Growly Write word processor

An interesting and free word processor for OS X has recently become available, named Growly Write http://growlybird.com/GrowlyBird/Write.html. It was created by Chris Mason, who at one point was in charge of a major update for MS Word code-named ‘Pyramid’, which Microsoft canned before it reached fruition. Growly Write is presented as a simple word processor, but while lacking footnotes, it seems to do most everything else.
User Interface
Documents can be edited in Pages view and/or Draft view. Any single document can be edited using a split window or multiple tabs. A pane to the left shows document structure (chapters, bookmarks, etc.) for easy navigation. (Fans of word processors based around a draggable, rearrangeable outline view will be disappointed, though.)
A pane to the right shows controls for formatting characters, paragraphs, chapters, the document, and contextually for images, tables, lists, etc. There are some surprising options, such as drop caps, balancing columns at the end of chapters (i.e., sections), and mirrored layout for book binding. Floating images with wrapped text are supported very well and can be anchored either to individual pages or to bookmarks. Growly Write has strong support for styles.
File Formats
Growly Write has its own file format, which (peering inside the bundle) contains a text file, a folder for attachments, and two files containing formatting and document structure details. It also writes/reads RTF and RTFD format files using a custom rtf reader/writer engine, instead of Apple’s half-assed implementation. The rtf code it produces is amazingly clean, compared to the lunacy that OpenOffice spits out, or even LibreOffice’s slightly cleaner code. The documentation states that the .rtf format supports all of Growly Write’s features, but in my testing, some features seemed to not render correctly when reloaded from an .rtf file, such as drop caps and the checkbox paragraph-prefix option (even though I could see they were present in the .rtf code). With mixed success, Growly Write can read html files as ‘documents’ (like an editable web browser) and writes documents to html too (with separate .html and .css files).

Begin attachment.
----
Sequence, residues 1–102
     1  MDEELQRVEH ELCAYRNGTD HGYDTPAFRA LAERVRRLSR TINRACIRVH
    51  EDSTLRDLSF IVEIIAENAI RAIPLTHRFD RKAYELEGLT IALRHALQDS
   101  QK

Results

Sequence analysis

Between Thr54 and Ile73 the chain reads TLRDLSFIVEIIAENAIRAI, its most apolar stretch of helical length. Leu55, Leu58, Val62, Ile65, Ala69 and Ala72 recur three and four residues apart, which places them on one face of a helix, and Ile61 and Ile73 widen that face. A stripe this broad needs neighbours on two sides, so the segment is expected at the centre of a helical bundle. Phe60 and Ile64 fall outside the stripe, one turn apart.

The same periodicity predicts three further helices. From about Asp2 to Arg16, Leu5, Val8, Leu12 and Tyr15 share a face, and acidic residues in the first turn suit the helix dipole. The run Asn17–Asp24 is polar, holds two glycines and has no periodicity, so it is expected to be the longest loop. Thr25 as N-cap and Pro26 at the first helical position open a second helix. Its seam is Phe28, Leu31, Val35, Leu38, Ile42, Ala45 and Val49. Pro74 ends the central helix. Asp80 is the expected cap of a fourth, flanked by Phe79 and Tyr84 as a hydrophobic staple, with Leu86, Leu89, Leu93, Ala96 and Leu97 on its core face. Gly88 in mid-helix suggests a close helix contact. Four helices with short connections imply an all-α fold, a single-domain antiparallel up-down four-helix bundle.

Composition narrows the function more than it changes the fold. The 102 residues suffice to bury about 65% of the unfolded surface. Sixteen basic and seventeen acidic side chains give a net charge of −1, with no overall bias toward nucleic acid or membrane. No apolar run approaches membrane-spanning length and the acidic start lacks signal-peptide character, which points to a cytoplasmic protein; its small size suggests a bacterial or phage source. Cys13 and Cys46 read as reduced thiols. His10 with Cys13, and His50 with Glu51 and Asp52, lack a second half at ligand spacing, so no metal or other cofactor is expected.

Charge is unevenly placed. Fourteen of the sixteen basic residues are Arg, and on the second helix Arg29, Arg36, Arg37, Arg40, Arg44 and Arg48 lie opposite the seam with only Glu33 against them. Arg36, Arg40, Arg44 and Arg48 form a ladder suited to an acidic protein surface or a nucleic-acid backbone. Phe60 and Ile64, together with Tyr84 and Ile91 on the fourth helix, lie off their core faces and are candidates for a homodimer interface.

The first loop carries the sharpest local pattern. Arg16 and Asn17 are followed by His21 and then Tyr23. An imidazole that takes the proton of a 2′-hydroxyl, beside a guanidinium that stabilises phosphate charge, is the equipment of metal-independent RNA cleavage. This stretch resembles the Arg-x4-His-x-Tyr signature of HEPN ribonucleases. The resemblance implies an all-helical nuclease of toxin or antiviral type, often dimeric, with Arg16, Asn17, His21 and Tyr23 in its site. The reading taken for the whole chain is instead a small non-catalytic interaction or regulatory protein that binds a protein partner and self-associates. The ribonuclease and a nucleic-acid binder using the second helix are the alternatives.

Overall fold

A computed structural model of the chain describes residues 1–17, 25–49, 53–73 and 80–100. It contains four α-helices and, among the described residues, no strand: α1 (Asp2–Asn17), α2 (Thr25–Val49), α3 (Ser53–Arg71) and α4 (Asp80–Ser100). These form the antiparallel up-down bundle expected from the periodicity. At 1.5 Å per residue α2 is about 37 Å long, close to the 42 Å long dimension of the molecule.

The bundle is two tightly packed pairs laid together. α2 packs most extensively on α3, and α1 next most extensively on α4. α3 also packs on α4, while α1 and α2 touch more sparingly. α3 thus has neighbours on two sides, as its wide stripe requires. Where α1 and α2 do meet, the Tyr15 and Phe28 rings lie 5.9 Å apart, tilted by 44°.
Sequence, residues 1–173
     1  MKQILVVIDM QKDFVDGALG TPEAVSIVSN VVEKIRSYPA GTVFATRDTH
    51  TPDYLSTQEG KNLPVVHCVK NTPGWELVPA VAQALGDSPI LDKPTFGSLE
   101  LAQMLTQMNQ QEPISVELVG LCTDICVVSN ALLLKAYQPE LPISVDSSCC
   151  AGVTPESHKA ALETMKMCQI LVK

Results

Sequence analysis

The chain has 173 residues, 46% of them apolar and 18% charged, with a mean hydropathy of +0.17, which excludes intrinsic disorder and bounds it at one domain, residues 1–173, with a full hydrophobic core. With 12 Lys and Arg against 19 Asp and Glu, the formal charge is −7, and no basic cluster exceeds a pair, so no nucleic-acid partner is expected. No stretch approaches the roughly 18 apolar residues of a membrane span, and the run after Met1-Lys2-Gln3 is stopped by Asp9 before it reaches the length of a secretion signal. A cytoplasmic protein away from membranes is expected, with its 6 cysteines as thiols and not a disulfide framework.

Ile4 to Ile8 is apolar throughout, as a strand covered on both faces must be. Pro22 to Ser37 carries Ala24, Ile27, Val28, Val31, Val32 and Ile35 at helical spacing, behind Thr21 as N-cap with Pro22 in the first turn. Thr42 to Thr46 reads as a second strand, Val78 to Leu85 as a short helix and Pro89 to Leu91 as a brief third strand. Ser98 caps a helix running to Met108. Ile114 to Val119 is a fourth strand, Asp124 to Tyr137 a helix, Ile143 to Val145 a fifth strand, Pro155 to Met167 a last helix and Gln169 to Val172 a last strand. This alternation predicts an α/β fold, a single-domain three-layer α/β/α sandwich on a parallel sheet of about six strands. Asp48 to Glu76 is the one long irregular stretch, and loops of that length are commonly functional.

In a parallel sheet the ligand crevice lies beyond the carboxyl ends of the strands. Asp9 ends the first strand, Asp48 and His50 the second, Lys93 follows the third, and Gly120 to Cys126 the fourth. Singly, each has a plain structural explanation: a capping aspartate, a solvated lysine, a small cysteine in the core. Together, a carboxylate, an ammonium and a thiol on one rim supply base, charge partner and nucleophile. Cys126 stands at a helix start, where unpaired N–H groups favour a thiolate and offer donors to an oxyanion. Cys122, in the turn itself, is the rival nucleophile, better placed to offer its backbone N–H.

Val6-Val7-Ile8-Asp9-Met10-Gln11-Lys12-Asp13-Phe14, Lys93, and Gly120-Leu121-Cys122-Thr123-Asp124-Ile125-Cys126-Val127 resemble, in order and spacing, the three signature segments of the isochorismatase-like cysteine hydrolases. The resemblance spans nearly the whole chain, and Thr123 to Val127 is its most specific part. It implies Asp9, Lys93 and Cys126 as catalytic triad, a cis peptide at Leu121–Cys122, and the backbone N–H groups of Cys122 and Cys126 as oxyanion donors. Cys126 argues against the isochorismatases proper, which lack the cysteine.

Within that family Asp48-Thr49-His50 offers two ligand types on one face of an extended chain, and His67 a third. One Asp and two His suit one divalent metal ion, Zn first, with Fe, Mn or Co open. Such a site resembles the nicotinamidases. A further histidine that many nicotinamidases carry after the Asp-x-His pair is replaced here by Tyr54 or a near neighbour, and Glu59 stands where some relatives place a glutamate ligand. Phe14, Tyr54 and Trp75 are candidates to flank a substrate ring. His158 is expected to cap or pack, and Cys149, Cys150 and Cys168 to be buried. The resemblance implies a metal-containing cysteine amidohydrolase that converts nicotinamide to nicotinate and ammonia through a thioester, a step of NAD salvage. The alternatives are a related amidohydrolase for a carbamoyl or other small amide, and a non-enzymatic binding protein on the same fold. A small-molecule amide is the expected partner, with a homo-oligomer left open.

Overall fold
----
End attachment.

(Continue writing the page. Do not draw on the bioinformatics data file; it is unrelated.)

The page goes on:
Everything but Footnotes
I’m a little surprised that footnotes are not supported, considering the layout engine already accommodates wrapping text around floating images, sections breaks etc. Really, implementing footnotes at that point would be more of an intellectual exercise in layout algorithms and optimization than the pain in the butt it would be otherwise. I can personally testify that there will be an endless number of people claiming “I would use your word processor for EVERYTHING if only it did footnotes. As it stands, I can’t recommend it to anyone.” Such is life.
Naturally, not everyone will like it. Text selection via the keyboard drives me nuts (it always selects more than I want, causing me to have to start over). There is no ‘distraction free mode,’ which was all the rage a few years ago. Growly Write doesn’t support the ‘modernized document model’ with Versions and Apple’s saveless autosave, if you’re into that kind of thing. The OS X popup dictionary doesn’t work.
In the final analysis, a pretty amazing app, and for free.

Thanks for the hint, it’s really a beautiful word processor! Small, fast, easy – and with some new features (for example, the tab view: amazing).

Yes, thanks for the hint. It seems to be something occupying the same cyber-space as the now discontinued “Bean”. I could wish it used a standard file format like RTF, rather than yet another custom format, but I guess the developer has good reason for doing it that way. I’ve downloaded and installed it, but haven’t tried it yet. One thing I notice is that it has its own “expand shorthand entries” system; I wonder if that will cause any conflict with the likes of TextExpander … though one could turn one or the other of them off.

Anyway, it looks great. If it lives up to its feature list it may well stay on my system, though I’ll need to think carefully about using it to replace Bean as a quick word-processor, and it wont replace NWP, that’s for sure.

Mark

Further to this. I tried using it on my MacBook Air, but I’ve given it up.

i) the key combos to move the cursor around simply didn’t work … I couldn’t get the cursor to move to the beginning or end of a line, in particular.

ii) minority interest, I know, but the rendering of Chinese is appalling.

So my quick word manipulator remains Bean; NWP for the heavy lifting.

Mark